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8 Comments on "Guest Post: Don’t Market Without Your Kanban"

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  1. Rob Worth
    Twitter:
    says:

    Joe,

    Can you explain where the kanban comes in? I understand kanban as a mechanism to pull work to a step in a process, from the proceeding step. Can you explain how the autoresponder step pulls from the ezine signup for example?

    Thanks,

    Rob Worth
    Rob Worth recently posted..Outsourced call centre rethinkMy Profile

  2. I apologize Rob for the delay. I checked back for a couple of days and did not notice the comment, I guess.

    The Kanban is about managing and placing limits on your work in process.

    If you would consider the typical marketing cycle as a prospect moves from one stage to another, you imagine it as step by step process and certain events taking place within that stage. With a Kanban method you have certain trigger points for each stage or even a phase within that stage allowing one marketing effort to pull from the previous. The method would also limit the number of prospects within that cycle so that the proper amount could be managed or more importantly satisfied!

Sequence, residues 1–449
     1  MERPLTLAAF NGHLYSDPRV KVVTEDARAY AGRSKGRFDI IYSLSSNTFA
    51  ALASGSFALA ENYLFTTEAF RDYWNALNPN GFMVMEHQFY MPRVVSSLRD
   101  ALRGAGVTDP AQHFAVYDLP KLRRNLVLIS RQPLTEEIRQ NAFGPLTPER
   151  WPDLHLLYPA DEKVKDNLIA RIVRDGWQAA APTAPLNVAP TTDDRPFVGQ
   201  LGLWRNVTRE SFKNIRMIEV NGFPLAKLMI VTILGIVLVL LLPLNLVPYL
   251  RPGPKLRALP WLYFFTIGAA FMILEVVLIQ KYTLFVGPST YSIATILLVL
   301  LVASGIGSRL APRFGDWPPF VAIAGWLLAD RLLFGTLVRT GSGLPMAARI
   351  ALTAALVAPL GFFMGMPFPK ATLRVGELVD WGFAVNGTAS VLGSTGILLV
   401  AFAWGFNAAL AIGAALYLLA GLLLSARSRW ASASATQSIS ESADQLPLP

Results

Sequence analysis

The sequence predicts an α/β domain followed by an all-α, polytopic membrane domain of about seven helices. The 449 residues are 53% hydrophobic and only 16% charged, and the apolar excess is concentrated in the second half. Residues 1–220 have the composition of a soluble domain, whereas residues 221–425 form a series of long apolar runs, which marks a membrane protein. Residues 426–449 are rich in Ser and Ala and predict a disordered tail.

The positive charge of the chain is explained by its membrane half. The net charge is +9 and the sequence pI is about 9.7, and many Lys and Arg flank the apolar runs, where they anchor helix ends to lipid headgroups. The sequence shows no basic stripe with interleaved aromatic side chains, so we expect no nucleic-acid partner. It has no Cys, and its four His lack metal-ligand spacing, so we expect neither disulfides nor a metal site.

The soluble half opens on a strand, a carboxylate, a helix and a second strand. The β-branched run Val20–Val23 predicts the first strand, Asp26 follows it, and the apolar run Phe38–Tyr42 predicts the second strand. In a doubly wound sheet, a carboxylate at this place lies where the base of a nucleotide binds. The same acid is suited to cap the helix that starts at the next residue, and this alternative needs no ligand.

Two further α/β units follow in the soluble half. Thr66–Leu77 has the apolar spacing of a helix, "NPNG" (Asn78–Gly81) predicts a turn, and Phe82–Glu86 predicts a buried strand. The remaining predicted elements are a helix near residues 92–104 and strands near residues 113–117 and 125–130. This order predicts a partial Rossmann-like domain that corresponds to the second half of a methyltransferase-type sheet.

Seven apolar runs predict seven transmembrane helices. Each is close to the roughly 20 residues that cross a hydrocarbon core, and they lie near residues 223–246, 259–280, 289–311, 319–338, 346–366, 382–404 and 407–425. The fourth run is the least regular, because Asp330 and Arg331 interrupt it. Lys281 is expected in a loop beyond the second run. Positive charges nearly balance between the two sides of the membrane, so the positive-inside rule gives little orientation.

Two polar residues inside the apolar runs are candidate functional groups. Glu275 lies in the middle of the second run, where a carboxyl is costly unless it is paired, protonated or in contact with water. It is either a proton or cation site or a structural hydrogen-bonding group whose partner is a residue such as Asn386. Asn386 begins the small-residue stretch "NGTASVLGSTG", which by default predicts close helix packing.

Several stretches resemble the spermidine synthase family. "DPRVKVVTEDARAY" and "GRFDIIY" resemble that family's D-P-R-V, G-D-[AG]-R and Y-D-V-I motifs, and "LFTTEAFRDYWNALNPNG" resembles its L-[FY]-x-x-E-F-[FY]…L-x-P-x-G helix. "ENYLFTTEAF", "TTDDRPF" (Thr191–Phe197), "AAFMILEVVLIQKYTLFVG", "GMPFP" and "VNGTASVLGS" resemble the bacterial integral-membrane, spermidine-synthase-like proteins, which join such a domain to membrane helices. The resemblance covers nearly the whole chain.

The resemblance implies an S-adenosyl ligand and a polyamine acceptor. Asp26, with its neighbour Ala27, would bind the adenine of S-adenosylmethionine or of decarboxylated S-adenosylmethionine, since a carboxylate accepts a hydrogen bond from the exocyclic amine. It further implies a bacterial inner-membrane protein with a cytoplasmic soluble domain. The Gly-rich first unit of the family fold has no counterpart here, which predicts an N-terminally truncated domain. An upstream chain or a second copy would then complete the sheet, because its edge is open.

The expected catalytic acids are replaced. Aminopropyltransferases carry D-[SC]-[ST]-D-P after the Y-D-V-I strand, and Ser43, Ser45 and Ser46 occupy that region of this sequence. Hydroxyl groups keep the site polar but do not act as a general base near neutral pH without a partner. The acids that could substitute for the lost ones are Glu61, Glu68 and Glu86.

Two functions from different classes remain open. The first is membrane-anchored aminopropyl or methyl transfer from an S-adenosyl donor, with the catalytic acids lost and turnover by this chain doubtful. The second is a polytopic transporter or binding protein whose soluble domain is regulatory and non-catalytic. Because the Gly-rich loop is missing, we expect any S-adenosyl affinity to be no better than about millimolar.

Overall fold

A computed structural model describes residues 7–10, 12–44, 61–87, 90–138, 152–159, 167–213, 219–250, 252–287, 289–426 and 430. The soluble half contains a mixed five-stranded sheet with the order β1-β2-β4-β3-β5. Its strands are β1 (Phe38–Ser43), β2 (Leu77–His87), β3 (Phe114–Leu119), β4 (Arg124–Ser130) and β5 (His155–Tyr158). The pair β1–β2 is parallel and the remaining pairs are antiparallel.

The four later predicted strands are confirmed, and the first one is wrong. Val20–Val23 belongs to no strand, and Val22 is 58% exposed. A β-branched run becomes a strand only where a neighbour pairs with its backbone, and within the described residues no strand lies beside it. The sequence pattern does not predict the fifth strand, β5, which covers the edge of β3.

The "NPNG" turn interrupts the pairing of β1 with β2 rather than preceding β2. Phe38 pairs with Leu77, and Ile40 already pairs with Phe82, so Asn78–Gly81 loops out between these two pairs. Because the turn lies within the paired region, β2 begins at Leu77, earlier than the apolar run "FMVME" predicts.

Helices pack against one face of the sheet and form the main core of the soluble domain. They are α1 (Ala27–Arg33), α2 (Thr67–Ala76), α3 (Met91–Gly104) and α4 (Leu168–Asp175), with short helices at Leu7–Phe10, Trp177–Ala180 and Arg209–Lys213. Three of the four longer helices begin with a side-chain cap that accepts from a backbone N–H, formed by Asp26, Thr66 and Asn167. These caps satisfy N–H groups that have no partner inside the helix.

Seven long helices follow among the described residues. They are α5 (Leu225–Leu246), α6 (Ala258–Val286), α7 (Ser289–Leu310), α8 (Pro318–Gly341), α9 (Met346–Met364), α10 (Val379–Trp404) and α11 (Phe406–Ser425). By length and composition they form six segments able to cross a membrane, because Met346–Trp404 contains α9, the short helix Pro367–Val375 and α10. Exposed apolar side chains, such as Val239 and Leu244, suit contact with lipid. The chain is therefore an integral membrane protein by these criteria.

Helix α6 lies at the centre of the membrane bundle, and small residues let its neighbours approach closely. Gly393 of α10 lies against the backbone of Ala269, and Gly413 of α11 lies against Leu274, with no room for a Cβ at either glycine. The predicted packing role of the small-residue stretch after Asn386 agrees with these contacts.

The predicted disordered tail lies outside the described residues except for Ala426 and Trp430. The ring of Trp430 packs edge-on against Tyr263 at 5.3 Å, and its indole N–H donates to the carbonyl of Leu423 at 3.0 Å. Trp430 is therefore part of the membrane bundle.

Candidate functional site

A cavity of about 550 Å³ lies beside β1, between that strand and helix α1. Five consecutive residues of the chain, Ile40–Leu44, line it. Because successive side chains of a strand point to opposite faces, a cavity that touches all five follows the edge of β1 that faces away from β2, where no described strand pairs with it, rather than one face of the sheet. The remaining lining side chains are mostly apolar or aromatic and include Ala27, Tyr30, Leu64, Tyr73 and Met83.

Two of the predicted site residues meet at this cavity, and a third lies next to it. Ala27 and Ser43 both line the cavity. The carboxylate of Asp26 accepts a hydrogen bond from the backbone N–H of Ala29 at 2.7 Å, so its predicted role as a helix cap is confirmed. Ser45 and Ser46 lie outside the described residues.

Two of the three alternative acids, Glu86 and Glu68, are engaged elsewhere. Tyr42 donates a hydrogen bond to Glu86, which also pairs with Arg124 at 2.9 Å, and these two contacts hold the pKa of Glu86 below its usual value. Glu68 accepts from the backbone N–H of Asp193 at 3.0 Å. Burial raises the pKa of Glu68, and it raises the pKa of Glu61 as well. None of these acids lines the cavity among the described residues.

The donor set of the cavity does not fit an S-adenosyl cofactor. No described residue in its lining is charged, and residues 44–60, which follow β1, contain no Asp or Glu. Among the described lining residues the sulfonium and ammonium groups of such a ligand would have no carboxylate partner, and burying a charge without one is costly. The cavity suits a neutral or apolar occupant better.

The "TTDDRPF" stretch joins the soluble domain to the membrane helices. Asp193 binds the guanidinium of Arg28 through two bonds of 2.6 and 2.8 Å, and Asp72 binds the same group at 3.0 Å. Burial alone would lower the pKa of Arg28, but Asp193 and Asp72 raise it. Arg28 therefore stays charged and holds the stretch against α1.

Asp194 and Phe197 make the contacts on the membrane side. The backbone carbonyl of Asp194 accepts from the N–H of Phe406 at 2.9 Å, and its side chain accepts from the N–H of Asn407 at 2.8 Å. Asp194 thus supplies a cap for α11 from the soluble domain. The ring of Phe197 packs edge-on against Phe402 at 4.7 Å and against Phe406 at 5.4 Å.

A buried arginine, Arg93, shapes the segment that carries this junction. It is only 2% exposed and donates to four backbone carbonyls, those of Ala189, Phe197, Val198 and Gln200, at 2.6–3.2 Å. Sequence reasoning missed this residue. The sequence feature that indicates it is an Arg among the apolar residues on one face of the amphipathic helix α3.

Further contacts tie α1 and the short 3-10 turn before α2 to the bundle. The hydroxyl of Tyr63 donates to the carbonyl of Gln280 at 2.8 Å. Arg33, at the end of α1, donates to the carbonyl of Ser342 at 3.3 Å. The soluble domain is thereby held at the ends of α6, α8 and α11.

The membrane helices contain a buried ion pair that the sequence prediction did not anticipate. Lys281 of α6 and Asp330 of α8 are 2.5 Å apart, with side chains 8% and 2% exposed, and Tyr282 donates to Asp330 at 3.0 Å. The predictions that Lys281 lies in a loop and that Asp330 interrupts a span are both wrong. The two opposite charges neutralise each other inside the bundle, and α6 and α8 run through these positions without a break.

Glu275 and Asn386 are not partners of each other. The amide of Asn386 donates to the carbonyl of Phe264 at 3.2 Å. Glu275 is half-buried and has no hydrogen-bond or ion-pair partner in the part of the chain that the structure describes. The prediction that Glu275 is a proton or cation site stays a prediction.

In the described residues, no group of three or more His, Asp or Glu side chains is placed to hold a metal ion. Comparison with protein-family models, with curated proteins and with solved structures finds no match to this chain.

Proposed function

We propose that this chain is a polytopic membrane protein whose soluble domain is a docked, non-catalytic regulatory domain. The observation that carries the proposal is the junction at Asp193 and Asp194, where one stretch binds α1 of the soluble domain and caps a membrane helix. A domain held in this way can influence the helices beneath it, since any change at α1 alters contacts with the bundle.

Autoresponder and Ezines seem to have unlimited numbers that can be applied to them. But as you increase those numbers, you WIP) typically conversion rates between the steps decrease as a result of appealing to a broader audience. If you conversion rates decrease for example between ezine sign-up and webinar attendance it may be a time to split the Kanban into 2 separate swim lanes (giving the customer the choice at sign-up is one way) segmenting and having a separate auto-responder for the 2 groups and even webinar.